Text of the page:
Farnsworth House - Little Building Co. Model Set.
Designed and constructed by Ludwig Mies van der Rohe between 1945 and 1951, the Farnsworth House was commissioned by Edith Farnsworth, M.D a prominent Chicago nephrologist. It was intended as a place where she could relax and enjoy her hobbies - playing the violin, translating poetry, and enjoying nature. In 1947, a model of the house was displayed at the Museum of Modern Art in New York, two years before construction even began on the Farnsworth House. The home is listed on the National Register of Historic Places and was designated a National Historic Landmark in 2006.
The signature sugar maple tree featured in this model, (which has since died), is said to have inspired van der Rohe in selecting the precise site for the home. The light Aspen wood of the house contrasts beautifully with the stunning tree sculpture made from American Cherry. The attention to detail continues inside the house model, visible through clear acrylic windows. The fireplace in the center of the home is highly detailed, and doors and cabinets, also in cherry, are nicely modeled.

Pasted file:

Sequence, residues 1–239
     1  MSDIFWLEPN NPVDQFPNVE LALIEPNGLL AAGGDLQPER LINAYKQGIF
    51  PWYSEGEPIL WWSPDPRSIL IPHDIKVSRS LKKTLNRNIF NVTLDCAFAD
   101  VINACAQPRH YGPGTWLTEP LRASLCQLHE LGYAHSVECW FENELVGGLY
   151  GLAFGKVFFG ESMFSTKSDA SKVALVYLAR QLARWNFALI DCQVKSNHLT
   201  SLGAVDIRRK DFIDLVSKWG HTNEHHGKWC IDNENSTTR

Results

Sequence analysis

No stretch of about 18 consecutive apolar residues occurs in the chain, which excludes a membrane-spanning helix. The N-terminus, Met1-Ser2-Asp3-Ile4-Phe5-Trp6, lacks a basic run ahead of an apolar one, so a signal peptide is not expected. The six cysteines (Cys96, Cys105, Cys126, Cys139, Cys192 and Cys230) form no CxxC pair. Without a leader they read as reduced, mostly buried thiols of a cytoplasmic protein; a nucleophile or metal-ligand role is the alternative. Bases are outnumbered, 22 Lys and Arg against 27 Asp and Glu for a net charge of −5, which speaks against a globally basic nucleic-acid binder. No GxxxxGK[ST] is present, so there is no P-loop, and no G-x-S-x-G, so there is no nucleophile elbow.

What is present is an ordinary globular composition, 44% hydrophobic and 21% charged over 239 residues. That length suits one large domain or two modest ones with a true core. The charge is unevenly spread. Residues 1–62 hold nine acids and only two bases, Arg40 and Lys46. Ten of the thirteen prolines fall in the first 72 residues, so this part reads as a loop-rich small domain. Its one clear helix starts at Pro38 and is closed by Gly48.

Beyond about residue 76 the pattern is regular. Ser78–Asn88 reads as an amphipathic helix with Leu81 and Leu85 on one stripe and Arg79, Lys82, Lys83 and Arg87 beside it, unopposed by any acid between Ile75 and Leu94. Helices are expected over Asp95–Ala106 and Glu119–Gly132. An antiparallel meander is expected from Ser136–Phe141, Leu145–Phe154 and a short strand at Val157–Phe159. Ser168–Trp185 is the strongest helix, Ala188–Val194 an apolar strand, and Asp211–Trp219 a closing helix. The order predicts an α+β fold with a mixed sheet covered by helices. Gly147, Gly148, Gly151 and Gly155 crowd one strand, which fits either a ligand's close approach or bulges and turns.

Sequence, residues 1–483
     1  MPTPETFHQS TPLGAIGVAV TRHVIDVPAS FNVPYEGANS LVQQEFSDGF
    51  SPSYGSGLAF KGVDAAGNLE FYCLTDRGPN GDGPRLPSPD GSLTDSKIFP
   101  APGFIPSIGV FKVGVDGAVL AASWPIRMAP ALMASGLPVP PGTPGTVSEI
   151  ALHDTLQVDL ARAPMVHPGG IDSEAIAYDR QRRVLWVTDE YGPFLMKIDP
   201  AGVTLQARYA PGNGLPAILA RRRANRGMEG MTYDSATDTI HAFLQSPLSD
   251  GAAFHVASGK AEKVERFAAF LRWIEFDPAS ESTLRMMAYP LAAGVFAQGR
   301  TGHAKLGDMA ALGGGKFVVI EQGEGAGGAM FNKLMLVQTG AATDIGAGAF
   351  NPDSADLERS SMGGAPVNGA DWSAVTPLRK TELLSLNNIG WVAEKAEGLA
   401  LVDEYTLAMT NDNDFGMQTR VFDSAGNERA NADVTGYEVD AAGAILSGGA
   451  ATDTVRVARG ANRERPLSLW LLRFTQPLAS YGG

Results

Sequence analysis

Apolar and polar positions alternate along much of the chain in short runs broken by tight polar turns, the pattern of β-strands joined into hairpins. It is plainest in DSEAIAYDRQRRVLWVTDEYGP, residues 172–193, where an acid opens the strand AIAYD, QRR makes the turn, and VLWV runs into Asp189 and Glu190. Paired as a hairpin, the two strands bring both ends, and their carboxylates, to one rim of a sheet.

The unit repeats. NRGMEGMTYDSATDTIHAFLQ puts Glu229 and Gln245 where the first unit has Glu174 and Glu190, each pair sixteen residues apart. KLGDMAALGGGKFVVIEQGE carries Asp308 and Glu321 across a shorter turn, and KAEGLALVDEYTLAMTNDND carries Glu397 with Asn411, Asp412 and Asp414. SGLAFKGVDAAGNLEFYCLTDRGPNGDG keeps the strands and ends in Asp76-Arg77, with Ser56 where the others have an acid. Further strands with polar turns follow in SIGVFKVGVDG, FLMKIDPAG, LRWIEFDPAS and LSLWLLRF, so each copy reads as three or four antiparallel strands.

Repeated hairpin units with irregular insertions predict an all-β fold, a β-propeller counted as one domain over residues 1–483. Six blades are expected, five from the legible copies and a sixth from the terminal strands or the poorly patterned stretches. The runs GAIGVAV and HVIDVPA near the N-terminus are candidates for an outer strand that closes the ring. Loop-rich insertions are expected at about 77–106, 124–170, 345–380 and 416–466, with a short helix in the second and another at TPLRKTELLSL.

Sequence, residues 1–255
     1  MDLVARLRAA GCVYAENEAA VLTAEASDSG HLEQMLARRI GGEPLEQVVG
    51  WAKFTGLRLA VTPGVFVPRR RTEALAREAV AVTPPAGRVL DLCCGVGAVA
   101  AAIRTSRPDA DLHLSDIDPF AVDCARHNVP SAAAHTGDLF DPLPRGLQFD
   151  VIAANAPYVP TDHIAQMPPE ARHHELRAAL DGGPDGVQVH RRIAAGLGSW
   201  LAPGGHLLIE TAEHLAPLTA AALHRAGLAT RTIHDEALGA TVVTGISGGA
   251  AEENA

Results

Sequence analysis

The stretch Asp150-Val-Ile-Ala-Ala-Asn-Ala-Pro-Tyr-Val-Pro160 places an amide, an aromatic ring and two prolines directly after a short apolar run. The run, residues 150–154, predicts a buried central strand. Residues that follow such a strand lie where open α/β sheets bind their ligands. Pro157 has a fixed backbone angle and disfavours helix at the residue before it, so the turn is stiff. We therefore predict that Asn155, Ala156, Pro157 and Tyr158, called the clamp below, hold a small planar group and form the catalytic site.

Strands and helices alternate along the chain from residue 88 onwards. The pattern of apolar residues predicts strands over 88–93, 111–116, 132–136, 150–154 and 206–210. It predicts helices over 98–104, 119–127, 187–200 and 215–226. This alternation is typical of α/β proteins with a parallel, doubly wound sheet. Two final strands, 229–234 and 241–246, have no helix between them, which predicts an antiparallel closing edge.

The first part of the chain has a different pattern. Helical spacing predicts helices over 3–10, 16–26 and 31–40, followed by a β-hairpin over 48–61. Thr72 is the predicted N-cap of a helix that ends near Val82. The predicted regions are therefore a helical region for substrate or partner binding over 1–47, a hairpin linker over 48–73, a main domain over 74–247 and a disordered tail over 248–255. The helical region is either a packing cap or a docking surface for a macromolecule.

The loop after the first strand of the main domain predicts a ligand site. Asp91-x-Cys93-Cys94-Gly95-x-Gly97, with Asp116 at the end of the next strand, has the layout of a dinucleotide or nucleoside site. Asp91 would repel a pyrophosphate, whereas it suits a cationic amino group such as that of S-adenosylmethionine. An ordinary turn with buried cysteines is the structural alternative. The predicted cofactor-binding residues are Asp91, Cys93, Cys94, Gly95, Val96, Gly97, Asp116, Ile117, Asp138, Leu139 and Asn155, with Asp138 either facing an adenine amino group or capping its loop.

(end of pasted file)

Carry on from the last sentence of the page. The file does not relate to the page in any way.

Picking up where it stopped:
Kit comes complete with all required parts and clear, easy to follow instructions. All you’ll need to provide is a good quality wood glue, a knife to remove individual parts from their sheets, and a flat work surface to construct the model.
Materials Aspen, American Cherry, MDF And Acrylic
— Scale: 1:150
— Pieces: 120
— Recommended Age: 15 & Up
— Difficulty Level: Intermediate
— Assembly Time: 5 Hours
— Completed Dimensions: 10"L x 6"W x 4"H
— Some Tools Required (Not Included)
— Instructions Included
The stunning design Mies van der Rohe situated on Farnsworth’s pristine property along the Fox River was intended to be a weekend cottage where Farnsworth (1903-1977) could escape from city life.
Cost overruns and philosophical disagreements between the client and the architect led to a lawsuit that ultimately resolved little, at least in differences in philosophy. In spite of her protracted dispute with van der Rohe, Edith Farnsworth did seem to enjoy the house, spending nearly every weekend there during her professional career.
After retiring - never quite satisfied with the home she commissioned – Farnsworth sold the house to Lord Peter Palumbro, a London developer and patron of the arts who owned several other homes by famous architects, including Frank Lloyd Wright.
Palumbro and his wife stayed in the home for part of each year until 2003, when they sold it through a Sotheby’s auction. Landmarks Illinois and the National Trust for Historic Preservation purchased the home and continue to operate it as a public museum.
After her death in 1977, Farnsworth’s ashes were scattered in Chicago’s Graceland Cemetery.